The assizes for this county terminated here yesterday even-
ing, without a capital conviction, although the general feeling
was, that Thomas Galligan, charged with the homicide of Jas.
M'Caffry, at a Ribbon dance held in the townland of The
Derries, on the 17th of October last, would have been found
guilty of murder! The jury, however, took a more merciful
view of his case, and brought in a verdict of manslaughter, to
the disappointment of those who were anxiously looking for
vengeance on the unfortunate criminal, who would in all
probability have lost his own life on the night in question, had
it not been for the part he acted.
Amongst the witnesses
produced on behalf of the prisoner was the Rev. Thomas Brady,
the Roman Catholic clergyman of Kilmore, who gave testimony
of his peaceable demeanor and good conduct; and to that
gentleman's credit, (and we hpe the example may be followed,)
he frankly told Baron Pennefather, the judge who tried the case,
and by whom he was justly complimented, that he did not
think it right to leave the witness-box without stating "that he
had reason to know that Galligan had at one period belonged to
the Ribbon Society, but that he had given it up about two years
ago, in consequence of witness having refused him the rights
of his Church, and since when he became very obnoxious to
the members of that society, and that it was his opinion the
dance at which M'Caffry lost is life was got up for the
purpose of creating a quarrel, in which, as it too frequently
happens, the fomenter became the victim."
Chief Justice Doherty presided in the Civil Court, in which
he was engaged the greater part of three days hearing civil
bill appeals ; and it would be doing him injustice if we did not
observe the calm, patient, and attentive consideration he gave
to each of the cases upwards of ninety in number which was
the public theme of conversation ; and as a poor man, (who
was defeated in one of the cases,) was heard to express himself,
on leaving the court-house, "God bless his lordship, he has
given me a fair trial." Indeed, nothing could exceed his kind
and bland manner with the solicitors, who he more than once
complimented for the very efficient manner in which they con-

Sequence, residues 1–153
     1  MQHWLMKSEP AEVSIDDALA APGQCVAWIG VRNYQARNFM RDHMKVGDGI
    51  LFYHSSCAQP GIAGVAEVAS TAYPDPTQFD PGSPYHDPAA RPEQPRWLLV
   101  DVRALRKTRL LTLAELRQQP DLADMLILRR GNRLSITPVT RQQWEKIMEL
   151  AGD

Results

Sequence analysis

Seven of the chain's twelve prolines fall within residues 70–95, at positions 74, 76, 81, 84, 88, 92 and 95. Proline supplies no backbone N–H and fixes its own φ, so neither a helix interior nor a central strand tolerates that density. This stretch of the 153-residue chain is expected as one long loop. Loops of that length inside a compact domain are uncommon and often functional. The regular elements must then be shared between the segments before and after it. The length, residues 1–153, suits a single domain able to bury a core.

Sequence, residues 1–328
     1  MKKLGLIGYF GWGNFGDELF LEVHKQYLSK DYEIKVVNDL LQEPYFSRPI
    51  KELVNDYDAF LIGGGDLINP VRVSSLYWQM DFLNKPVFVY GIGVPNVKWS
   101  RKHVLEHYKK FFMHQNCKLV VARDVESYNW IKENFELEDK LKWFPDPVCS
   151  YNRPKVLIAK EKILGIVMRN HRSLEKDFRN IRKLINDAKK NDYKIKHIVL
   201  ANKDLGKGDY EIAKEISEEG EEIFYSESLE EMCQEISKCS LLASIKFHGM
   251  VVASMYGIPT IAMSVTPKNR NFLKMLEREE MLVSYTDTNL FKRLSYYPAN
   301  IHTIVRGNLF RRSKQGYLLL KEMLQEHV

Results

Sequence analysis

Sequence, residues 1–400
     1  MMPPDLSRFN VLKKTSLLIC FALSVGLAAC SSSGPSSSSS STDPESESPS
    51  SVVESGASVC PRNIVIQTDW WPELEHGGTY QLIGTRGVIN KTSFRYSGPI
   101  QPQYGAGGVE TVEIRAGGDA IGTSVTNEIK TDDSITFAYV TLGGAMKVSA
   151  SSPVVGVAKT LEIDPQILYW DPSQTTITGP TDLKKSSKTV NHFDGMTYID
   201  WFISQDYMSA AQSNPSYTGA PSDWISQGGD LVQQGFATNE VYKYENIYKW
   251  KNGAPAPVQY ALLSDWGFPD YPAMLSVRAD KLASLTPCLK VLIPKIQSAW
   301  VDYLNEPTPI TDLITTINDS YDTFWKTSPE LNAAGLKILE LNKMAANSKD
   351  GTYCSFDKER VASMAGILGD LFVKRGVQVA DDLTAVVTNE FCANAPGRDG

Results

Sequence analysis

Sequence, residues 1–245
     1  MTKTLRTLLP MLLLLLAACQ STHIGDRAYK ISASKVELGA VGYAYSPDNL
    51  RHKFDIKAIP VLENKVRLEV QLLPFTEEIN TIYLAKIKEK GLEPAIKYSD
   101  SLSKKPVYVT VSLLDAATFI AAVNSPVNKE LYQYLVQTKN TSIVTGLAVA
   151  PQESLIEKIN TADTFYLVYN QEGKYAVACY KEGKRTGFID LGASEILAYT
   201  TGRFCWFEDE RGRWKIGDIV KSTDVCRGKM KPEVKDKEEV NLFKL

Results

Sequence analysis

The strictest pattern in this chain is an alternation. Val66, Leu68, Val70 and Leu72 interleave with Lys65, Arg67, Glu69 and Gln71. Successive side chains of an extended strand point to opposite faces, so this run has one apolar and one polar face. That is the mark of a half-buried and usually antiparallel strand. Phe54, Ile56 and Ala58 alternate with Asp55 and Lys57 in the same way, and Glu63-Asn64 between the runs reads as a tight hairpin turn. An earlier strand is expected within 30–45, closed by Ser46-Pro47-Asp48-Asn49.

ducted their clients' cases.
The Grand Jury has appointed the Rev. HUGH MURPHY to
be Roman Catholic Chaplain to Armagh gaol.
THOMAS BAILEY, Esq., has been presented with a very af-
fectionate address by the inhabitants of Newtownbutler and
neighbourhood, on his recent appointment.
On the recommendation of Lord ROSSMORE, his Excellency
the Lord Lieutenant has been pleased to approve of EDWARD
W. BOND, Esq., being appointed a Deputy Lieutenant for the
County of Monaghan, in the room of Colonel JOHN MADDEN,
MANSLAUGHTER OF JOHN GLEN
Mary M'Cappin, for the manslaughter of John Glen, on the
31st August last, in the parish of St. Andrews.
Margaret Glen, examined by Sir T. Staples said: I live at a
place six miles beyond Portaferry. I had a child of the name
of John Glen. He is dead. He died in the month of August
last. I know Mary M'Cappin's house. I was going there for
some change she owed me. I met her on the road, and we had
some altercation. When we got near my own house, she laid
down a can of mile which she had in her hand, and struck the
child twice. On the second blow having been given, the child
fell out of my arms on the road, on his head and shoulders. I
stooped to life the child, and she struck me on the back of my
neck. When I lifted the child, he was bleeding at the mouth
and nose. The child was in perfect good health before this. He
was two years and two months old. She struck the child twice
before she struck me. I lifted the child and took him to my
mother, and then to Colonel Ward. I got a line from him to
Dr. Murland, who attended the child. The child lived about
four weeks after. Dr. Murland is in Scotland. There was an
inquest held on the child, and Surgeon Chermside was on it.
Cross-examined by Mr. Andrews--The prisoner is a cousin
of mine. We were on very good terms before this, and I have
frequently dined at her house. On the day this affair occurred,
we were very angry, and used bad words to each other. I
struck her after she struck me. I bit her, but it was when she
was hanging me. I did not lay down the child myself. After
I had the child up, I kicked over her can of milk. The child
was not running about after this occurred. He was scalded
some time before, and was attended by Dr. Rankin. It was four
weeks before he was quite well.
Doctor Chermside examined the body of the child after death.